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Northeast Wilderness Trust and Ducks Unlimited Protect 184 Acres of Wild Forest and Wetlands

Guildhall, VT – Ducks Unlimited transferred the Duren Mountain property along Route 102 in Guildhall to the Northeast Wilderness Trust. The Wilderness Trust is a Montpelier-based non-profit organization working to protect forever-wild landscapes for nature and people. The 184-acre parcel, which includes extensive wetlands and the summit of Duren Mountain, is now protected by the Wilderness Trust as forever-wild. The forest will be allowed to become old-growth, without any cutting of trees.

Ducks Unlimited (DU) first acquired the property in 2018 in support of the organization’s wetland mitigation work, which aims to offset development of state or federally regulated wetlands.

“Many factors led DU to protect this property, including its beaver ponds that support spring breeding habitat for waterfowl like mallard, wood, and black ducks,” said Patrick Raney, DU’s Manager of Conservation Services. “The land is an intact, forested buffer to the Connecticut River. A high-quality Northern White Cedar Swamp, and the presence of abutting protected lands also made this property a good fit for protection. DU’s partnership with Northeast Wilderness Trust helps us to advance our conservation mission of protecting and restoring more lands, as we know this property is in good hands for the long-haul.”

Duren Mountain is home to an impressive range of wildlife. An active, two-acre beaver pond is home to diverse plants and birds. Since DU placed game cameras on the property in 2019, moose, bear, coyote, and bobcat have all been seen wandering the land. Ruffed grouse and snowshoe hare are also abundant in the dense, young hardwoods that have regrown since the last timber harvest in 2006 on the lower elevations of the property. A Northern White Cedar Swamp, which is a globally uncommon type of wetland, occupies more than 50 acres.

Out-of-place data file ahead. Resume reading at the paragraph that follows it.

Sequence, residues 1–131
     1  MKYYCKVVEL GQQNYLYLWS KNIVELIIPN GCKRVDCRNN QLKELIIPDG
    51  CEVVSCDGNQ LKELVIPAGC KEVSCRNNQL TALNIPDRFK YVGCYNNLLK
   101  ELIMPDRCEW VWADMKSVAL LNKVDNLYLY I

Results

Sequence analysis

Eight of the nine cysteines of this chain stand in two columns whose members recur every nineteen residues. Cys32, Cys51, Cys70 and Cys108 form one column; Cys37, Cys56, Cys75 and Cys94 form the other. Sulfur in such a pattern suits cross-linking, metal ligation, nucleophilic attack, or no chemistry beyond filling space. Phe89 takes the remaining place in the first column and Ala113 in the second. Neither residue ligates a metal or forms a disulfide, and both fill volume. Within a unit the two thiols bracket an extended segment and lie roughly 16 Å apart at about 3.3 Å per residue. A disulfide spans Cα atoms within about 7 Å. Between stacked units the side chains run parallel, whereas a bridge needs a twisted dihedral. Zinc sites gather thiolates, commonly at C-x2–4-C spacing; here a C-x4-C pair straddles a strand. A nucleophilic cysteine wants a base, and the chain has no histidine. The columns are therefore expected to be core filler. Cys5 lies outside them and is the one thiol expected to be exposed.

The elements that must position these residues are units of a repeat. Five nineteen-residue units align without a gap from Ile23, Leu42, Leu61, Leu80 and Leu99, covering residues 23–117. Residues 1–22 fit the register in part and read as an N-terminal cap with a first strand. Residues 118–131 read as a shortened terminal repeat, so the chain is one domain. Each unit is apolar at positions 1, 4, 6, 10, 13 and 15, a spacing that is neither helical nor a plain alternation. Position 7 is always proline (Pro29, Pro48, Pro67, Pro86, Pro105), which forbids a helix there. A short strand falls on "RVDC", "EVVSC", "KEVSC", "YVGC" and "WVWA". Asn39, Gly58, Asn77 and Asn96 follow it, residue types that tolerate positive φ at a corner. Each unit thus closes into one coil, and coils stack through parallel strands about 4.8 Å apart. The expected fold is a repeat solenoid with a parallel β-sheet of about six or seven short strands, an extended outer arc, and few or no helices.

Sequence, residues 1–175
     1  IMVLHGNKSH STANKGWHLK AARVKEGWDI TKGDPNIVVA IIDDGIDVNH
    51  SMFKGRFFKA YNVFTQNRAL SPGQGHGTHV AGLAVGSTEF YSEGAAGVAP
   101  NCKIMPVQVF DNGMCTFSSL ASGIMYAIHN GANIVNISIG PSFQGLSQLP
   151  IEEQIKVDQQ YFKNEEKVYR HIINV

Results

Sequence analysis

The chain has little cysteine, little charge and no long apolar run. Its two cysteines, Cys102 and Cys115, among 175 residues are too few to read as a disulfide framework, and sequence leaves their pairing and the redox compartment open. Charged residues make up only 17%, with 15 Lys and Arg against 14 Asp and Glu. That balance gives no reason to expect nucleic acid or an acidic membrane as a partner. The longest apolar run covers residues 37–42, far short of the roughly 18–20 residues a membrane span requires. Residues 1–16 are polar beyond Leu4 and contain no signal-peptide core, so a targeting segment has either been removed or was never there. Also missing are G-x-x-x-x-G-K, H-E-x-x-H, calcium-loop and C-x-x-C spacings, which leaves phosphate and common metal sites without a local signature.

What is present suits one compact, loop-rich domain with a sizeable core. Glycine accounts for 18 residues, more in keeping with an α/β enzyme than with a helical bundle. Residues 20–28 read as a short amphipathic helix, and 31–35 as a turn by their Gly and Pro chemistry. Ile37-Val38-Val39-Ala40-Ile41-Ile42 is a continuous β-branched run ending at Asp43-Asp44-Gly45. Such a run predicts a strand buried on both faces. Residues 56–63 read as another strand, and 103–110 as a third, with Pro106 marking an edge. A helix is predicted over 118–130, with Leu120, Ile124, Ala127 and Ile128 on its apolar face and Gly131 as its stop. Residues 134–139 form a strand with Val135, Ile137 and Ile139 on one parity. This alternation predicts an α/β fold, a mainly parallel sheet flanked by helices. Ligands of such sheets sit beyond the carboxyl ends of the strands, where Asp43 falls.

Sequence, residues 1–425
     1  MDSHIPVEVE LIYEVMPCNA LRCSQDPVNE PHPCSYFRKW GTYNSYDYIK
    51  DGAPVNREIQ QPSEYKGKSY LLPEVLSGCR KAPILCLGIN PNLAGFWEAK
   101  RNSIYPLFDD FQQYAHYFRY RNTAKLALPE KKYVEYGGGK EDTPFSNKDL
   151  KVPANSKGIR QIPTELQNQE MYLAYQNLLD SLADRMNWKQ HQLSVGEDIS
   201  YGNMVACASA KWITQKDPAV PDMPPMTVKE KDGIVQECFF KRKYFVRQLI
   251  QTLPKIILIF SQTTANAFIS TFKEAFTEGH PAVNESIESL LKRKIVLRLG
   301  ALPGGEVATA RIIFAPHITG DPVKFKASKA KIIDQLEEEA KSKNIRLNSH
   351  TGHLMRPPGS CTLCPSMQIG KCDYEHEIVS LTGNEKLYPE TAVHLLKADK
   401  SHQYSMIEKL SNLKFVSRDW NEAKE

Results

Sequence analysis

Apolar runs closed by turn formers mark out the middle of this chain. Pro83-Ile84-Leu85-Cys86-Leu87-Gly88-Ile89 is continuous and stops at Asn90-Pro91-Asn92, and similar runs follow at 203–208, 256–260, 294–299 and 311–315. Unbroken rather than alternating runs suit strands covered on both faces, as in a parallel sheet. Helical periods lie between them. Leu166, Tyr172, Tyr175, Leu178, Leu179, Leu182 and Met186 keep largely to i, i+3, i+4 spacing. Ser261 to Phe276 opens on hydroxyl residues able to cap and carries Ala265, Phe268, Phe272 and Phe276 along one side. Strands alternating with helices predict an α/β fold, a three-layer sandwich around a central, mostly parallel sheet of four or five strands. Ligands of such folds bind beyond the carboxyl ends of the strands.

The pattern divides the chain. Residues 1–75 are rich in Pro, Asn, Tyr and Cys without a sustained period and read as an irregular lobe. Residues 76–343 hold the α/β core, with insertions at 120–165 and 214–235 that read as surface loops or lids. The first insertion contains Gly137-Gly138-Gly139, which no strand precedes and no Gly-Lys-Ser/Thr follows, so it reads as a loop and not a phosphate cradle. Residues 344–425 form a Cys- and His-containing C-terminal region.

“When Northeast Wilderness Trust creates a new Preserve, we make a commitment that the forest will be allowed to grow wilder each year, benefitting biodiversity and permanent carbon storage,” said Jon Leibowitz, Executive Director of the Wilderness Trust. “Setting aside lands to become tomorrow’s old forests is a primary goal of Vermont Conservation Design, which calls for about 9% of Vermont’s forests to grow old. Every acre counts, especially forever-wild acres in priority forest blocks, just like Duren Mountain Wilderness Preserve.”

This new Wilderness Preserve adds to a sizeable protected corridor near the Connecticut River, which is considered a critical wildlife area. It is flanked by properties protected by Vermont Land Trust.

“Forever-wild forests complement surrounding agricultural lands,” says Shelby Perry, Stewardship Director of the Wilderness Trust. “Wildlands serve as living laboratories in the face of climate change. The niche habitats of mature and unmanaged forests help maintain biodiversity in the larger landscape.”

Duren Mountain Wilderness Preserve will be open for quiet, non-motorized (on-foot) recreation like hiking, hunting, nature study, and birdwatching.

About the Northeast Wilderness Trust: Founded in 2002, the Northeast Wilderness Trust conserves forever-wild landscapes for nature and people across New England and the Adirondacks. The Wilderness Trust owns Wilderness Preserves and Sanctuaries, and also protects land through legal means such as conservation easements. The organization currently safeguards more than 35,000 acres of wildlands in six states.